enough, Mr. Blankenship threatened the mine president. “You have a kid 
to feed. Do your job,” he wrote. In another note scolding the executive 
for not producing enough coal, he wrote: “I could Khrushchev you. Do you 
understand?”

Early in his career, Mr. Blankenship became famous for breaking the grip 
of unions at Massey mines. Investigations described a climate of 
intimidation at Upper Big Branch in which miners were afraid to report 
unsafe practices, and two sets of books were kept to conceal hazards 
from inspectors.

Levels of coal dust were so high — a threat to human health as well as a 
fire accelerant — that autopsies of the dead men found 71 percent had 
black lung disease, compared with an industry average of 3.2 percent.

“That is beyond belief,” said Mr. McGinley, the law professor, who 
contributed to a 2011 state report.

The report also traced the disaster to the failure of West Virginia 
politicians, Democrats and Republicans, to stand up to companies like 
Massey, which “used the leverage of the jobs it provided to attempt to 
control West Virginia’s political system.”

A prime example was the $3 million that Mr. Blankenship contributed to 
defeat a justice on the state’s Supreme Court in 2004, replacing him 
with one sympathetic to Massey at a time when the company was appealing 
a $50 million judgment against it.

The court overturned the $50 million jury award by a vote of 3 to 2. The 
majority included the justice Mr. Blankenship helped elect, as well as 
the chief justice, who was photographed vacationing with Mr. Blankenship 
four months earlier on the French Riviera. The United States Supreme 
Court reversed that ruling, criticizing the state court for an “extreme” 
conflict of interest.

Two years before the Upper Big Branch explosion, federal prosecutors 
declined to bring charges against Mr. Blankenship in an accident with 
similar circumstances at a mine in Logan County, over the objections of 
the widows of two men killed.

The case was taken as a lesson by the incoming United States attorney, 
Mr. Goodwin, who took over just after the Upper Big Branch disaster, 
according to a federal law enforcement official, speaking on condition 
of anonymity because a judge had ordered all parties to the case, 
including relatives of the miners, not to talk about it publicly.

On the fourth anniversary of the explosion, in an expensive public 
relations push, Mr. Blankenship paid for a 51-minute video casting 
himself as a champion of miners’ safety. Sen. Joe Manchin of West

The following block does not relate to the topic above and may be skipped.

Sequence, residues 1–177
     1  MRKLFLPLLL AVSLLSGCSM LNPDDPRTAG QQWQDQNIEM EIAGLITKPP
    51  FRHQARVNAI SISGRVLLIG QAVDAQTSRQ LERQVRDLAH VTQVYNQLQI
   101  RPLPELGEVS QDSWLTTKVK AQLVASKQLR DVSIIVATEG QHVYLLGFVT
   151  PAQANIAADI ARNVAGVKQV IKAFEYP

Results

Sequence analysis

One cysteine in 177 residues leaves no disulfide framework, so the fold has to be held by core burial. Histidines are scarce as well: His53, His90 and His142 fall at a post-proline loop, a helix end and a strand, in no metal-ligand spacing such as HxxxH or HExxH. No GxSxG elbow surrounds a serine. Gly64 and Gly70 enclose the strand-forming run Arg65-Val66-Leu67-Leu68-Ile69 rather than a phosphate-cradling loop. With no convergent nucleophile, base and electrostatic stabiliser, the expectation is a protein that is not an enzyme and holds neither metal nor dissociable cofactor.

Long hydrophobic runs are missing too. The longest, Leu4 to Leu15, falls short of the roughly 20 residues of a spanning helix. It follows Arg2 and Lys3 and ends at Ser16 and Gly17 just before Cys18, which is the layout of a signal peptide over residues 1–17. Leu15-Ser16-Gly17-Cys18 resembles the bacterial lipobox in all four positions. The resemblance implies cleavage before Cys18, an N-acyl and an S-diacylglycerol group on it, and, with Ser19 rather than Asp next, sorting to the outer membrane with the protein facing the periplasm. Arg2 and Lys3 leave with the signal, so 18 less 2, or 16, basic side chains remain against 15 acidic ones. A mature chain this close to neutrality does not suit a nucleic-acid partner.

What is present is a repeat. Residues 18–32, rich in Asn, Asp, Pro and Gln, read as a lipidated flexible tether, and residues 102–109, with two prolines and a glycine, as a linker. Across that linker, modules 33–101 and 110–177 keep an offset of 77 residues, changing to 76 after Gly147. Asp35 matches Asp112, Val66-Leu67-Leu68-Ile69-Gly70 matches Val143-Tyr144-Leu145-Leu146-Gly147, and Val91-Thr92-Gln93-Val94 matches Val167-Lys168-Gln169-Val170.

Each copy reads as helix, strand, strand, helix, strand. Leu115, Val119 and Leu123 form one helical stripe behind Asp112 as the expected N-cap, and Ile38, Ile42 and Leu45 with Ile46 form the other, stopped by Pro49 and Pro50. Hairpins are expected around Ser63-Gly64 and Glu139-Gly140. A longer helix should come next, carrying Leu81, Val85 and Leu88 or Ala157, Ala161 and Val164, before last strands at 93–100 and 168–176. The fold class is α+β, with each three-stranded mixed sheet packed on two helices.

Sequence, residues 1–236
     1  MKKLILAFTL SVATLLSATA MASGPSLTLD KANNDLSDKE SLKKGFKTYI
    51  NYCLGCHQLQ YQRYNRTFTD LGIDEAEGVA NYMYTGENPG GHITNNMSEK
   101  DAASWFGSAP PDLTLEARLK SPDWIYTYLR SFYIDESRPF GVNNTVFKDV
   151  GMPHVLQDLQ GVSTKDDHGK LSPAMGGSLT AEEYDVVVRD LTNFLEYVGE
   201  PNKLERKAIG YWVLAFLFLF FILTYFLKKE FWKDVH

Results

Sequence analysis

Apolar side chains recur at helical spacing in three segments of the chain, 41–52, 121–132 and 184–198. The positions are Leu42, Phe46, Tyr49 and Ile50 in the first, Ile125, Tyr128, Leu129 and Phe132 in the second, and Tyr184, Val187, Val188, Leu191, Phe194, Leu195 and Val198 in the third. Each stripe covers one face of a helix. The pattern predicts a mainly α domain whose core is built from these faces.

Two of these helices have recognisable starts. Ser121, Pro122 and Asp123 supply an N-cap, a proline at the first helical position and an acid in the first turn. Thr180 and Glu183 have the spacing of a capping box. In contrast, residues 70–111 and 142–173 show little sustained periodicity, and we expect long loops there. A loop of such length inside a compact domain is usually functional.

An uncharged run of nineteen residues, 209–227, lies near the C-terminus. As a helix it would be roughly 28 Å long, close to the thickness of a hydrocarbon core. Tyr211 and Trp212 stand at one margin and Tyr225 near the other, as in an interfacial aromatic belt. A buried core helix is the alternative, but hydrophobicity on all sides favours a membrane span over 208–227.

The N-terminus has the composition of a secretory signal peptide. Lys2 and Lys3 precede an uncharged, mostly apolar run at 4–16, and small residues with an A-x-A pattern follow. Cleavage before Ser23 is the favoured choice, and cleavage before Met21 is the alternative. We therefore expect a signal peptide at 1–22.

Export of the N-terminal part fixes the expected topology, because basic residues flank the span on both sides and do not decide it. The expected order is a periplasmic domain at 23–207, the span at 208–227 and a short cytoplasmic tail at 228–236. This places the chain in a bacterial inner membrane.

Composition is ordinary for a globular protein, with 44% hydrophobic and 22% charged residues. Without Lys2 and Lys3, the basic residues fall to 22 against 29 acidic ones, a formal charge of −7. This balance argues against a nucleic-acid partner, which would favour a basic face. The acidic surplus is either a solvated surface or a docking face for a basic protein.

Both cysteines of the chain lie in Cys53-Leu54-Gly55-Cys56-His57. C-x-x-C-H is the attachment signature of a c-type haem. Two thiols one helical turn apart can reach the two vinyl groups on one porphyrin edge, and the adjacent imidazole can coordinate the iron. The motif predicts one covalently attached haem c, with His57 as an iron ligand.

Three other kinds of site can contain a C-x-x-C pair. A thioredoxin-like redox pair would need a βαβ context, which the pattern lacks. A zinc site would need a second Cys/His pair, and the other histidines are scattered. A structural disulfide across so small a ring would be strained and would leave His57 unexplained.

Virginia, who appeared on camera, later said he had been tricked and 
called the video “propaganda.”

Mr. Blankenship argues that the deadly explosion, on April 5, 2010, was 
caused by a natural “inundation” of methane gas. State investigators 
found no evidence for this theory.

On Nov. 21, he pleaded not guilty in federal court in Beckley, W.Va. A 
trial date was set for Jan. 26. Mr. Blankenship, who retired from Massey 
shortly before it was acquired in 2011 by Alpha Natural Resources, was 
ordered to remain in southern West Virginia or eastern Kentucky.

Although Mr. Blankenship now lives in Las Vegas, his primary residence 
was once in Mingo County, where he grew up and built a mansion with a 
helipad in one of West Virginia’s poorest communities. He piped in clean 
drinking water to his home even as neighbors sued Massey for poisoning 
the local wells.

Bruce Stanley, a lawyer who grew up in Mingo County and has squared off 
against Massey in court, said there was a flaw in Mr. Blankenship’s 
creed of economic survival of the fittest. “Here’s a guy who did indeed 
pull himself up by his bootstraps,” he said. “You ask yourself, at what 
expense? Don’s the very guy who put his neighbors out of work, who’s 
driven his local community into the bottom of the bottom of the 
livability standards of the Western Hemisphere.”

In Whitesville, Jerry Mollohan, 64, a retired miner, called the 
indictment “long overdue.” He said that after a former security director 
from the mine, Hughie Elbert Stover, was sentenced to jail last year, he 
feared that would be as far as prosecutors reached. Mr. Blankenship was 
“more like a dictator than a manager,” he said. “I hope his political 
power won’t get him off.”

People in town sometimes refer to the explosion as “the incident,” and 
avoid mentioning the former Massey boss. The memorial to the tragedy is 
hard against the Big Coal River, easy to speed past on Route 3. The 
closest building is a library. Last week, LaDonna Foster, the librarian, 
called Mr. Blankenship “the man whose name we don’t speak.”